day 295: hope for the harvest

Dear Dr. Gibb,

Thank you for thinking teachers are good people that can change lives.  Thank you for inspiring us and for cheering us on.  And thank you for your closing remarks in class today where you quoted Albert Schweitzer, who said:

I will plant the crop and hope for the best.

Your fellow sojourner,

day 294: my nerdy missionary

My son's best friend for the past year before his mission was this beautiful young woman you see here, giving him a goodbye hug the night before #2 left on his mission.  This boy of mine is run by his conscience, which is one of the most sensitive you will ever encounter.  Because of this, we called this cute person behind him his "friend", even though I think it was more than that.

One of their favorite past times was to play Magic, The Gathering, and to draw cartoons that were set in medieval times.  Like the title says, nerds.  Hard core.  But the cutest, funniest, best-looking nerds you will ever know.  Today I got a text from #2's "friend" that said, I sent him a package with peanut butter and drawings of fish dudes!

Don't say I didn't warn you.

day 293: a vision

I was back in Boston with my cousin who was dying of cancer when I got a call from my husband saying that my bishop wanted to talk to me.  My mind was all over the place.  The swollen belly of Leigh.  The warm New England September.  And the kind Polynesian face of my friend back home.

Ever since my husband had called I couldn't get her out of my mind.  In the midst of learning about pain meds, cancered breasts and bones, and how to take care of my cousin's cats, Edris's face kept popping into my head.  Again.  Then again.

After I got home I was asked by my bishop to serve as the Relief Society president (leader of the women's auxiliary) in my ward (congregation).  I knew I was supposed to work with Edris.  I didn't know anything else, but I knew that.  And it was a great run.  I felt tapped in to her spiritual take on things.  I still do.  We did tons of crying together.  We still do.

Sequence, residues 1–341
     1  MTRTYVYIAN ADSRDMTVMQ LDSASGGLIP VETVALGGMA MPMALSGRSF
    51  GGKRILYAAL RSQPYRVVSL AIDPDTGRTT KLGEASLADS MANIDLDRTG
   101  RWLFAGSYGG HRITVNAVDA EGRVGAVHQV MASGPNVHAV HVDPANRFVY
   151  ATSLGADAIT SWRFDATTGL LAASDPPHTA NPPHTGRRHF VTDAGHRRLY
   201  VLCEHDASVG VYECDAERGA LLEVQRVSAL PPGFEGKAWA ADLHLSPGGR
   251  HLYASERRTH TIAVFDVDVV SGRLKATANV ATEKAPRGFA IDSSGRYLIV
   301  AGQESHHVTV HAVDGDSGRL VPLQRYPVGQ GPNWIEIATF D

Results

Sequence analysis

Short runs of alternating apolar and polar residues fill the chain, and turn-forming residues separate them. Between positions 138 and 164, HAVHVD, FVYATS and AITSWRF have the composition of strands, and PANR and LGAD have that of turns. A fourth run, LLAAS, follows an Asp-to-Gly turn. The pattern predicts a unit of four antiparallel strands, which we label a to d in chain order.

Somehow I have known her longer than I have known her.  She is my loving, smart, trusted friend, and she has been an answer to prayer more than once.  Like the time during a meeting when a woman said, for the third or fourth time, something that was completely against our beliefs.  I thought, Please let someone else make the correction here so I don't have to swing the heavy hammer.  Then there she was. 

Yeah, I love that brown face. 

day 292: wet mercy

Yesterday I was standing in the kitchen talking to my boys when I looked out the back glass doors and noticed that there was a column of rain coming down right in the middle of my backyard, on a sunny afternoon.  At first I thought it was a sprinkler from the neighbor's yard, but then I realized it was coming straight down and had an almost silvery dream-like quality to it.  I asked one boy to go out back and see if I was right, and the other boy to run out front onto the driveway.  Nothing.  No rain falling on the east side of the house, just on the west side, under a single puffy light-gray ball of fluff. 

I get rained on sometimes.  It is the glowing here-let-me-help-you kind of rain that waters me and leaves me a little better.  It is the kind of rain that quenches my thirst and reminds me that I need nourishing sometimes.  It is liquid mercy.

Musical Monday: Mad World

Geo has suggested this song to me a few times, so I was excited to record it this week.  Click on the title below, or listen from the jukebox.  Enjoy!

Mad World

Kazzy's voice has been silenced by the Digital Millennium Copyright Act(see the details here). Sorry you can't listen to her sing directly. But send her a message and she'll try to work something out.